Another very popular bait was cheese paste, after making up some soft white paste as described he would get some cheese that had been stored in the shed for several weeks to improve its smell I was told. With a fine cheese grater, he tuned that chunk of cheese into a pile of finely grated cheese. This was then worked into the bread paste, often he would spend what seemed like an hour kneading and kneading the cheese and paste together. I was then put into a tin and stored in the shed for several weeks before use, every few days it was taken out and given a good kneading. Come winter we had the perfect paste bait. It wasn't just the chub that liked this bait; it was a great roach bait. In fact today I sat in my riverside cabin kneading several balls of cheese paste, another tip you might like to try is to add some French's Blue Cheese Dressing, if yiu cannot find this brand in your supermarket then try Heinz blue cheese dressing.

Excellent Bread Crust

Many anglers question me about keeping crust on the hook, my usual answer is use a bigger hook if youíre having problems, Many times I will put on a chunk of crust then cast out, in the next ten minutes or so I will retrieve and cast several times. Proving to those that are doubtful that bread crust will stay on the hook. When I'm seeking roach I prepare my crust in a different way, some tell me that they can't be bothered mucking about that as they say. If you want to catch good roach, the following might just help you catch that dream fish. Take a two or three day old loaf, then cut off the crust leaving about half an inch of white crumb attached. I then cut this into half inch wide strips. These are placed on a carving board then a white damp cotton cloth is placed over the crust. This is followed by a wooden board then a heavy weight. In my younger days I used to use a couple of my mothers irons. I would leave the bread over night. Next morning the strips would be wrapped in the cloth. At the waterside I would cut off cubes the size I wanted for the hook, often it was a size 10 or 12. In my book soft bread paste, bread flake and crust are my first choice baits when seeking old Rutilus rutilus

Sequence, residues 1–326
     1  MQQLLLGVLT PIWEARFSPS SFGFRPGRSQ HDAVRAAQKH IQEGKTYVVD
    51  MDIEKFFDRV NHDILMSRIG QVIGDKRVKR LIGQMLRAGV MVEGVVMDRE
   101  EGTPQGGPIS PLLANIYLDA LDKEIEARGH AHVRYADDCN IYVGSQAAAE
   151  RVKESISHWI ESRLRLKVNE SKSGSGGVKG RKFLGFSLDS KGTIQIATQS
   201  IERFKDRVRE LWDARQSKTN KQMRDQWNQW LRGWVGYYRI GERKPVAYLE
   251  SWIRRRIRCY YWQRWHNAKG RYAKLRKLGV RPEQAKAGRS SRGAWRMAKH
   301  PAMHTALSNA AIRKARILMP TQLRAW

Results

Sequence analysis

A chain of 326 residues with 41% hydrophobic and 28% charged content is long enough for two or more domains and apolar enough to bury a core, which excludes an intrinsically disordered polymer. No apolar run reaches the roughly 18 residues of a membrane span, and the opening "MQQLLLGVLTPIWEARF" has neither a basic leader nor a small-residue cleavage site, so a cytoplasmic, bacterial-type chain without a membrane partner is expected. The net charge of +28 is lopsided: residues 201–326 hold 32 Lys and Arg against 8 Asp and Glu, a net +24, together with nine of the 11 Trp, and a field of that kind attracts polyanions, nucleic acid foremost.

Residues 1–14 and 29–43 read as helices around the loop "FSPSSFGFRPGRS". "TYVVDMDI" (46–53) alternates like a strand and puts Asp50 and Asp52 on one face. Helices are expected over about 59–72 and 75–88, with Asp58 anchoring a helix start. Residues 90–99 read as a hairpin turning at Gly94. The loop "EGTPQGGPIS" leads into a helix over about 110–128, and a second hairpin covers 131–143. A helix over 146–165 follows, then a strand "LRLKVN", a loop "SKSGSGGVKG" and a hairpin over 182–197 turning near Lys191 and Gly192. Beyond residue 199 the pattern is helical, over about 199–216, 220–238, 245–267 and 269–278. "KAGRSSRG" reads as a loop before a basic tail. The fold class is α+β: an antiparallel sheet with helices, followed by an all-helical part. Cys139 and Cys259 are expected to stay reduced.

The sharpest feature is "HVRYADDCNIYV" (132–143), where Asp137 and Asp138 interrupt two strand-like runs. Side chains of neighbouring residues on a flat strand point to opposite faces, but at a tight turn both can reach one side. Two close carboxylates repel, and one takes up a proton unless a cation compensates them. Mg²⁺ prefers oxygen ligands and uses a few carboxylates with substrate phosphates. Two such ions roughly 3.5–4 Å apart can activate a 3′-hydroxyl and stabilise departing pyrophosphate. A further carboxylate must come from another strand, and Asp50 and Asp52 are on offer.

Some book titles you might like to try and get are the series of books by Arthur Sharp, Fisherman's Creel, Lure of the Float, Angler's Corner, Rod and Stream and Along Natures Byways all are worth reading, many of the ways of fishing in those books are still suitable for today's anglers. You don't have to use pellets or boilies. Another couple of books I'm sure you will enjoy are by Wilfred Gavin Brown, Angler's Almanac and My River. Another author is Maurice Wiggin who penned several titles. Books by Faddist are certainly worth reading, Roach Fishing is probably my favourite book from the pen of Faddist. Finally my favourite author is Hugh Tempest Sherringham who has several books, including An Angler's Hours; I just love the first chapter At Dawn of Day when I read this chapter Iím transported to the River Beult at Hunton. As you read this chapter you to will get the feeling he is writing about one of your favourite swims. Another set of books are The Angling Times book, followed by second, third and fourth editions. These books contain some of the best writing from the authors of the day. Finally one book that will help you when fishing rivers and understanding the use of a thermometer is This Fishing by Captain L A Parker. Itís a great read and one I have had the pleasure of reading sine it was first published in 1940ís thanks to Granddad Turner

Martin James Fishing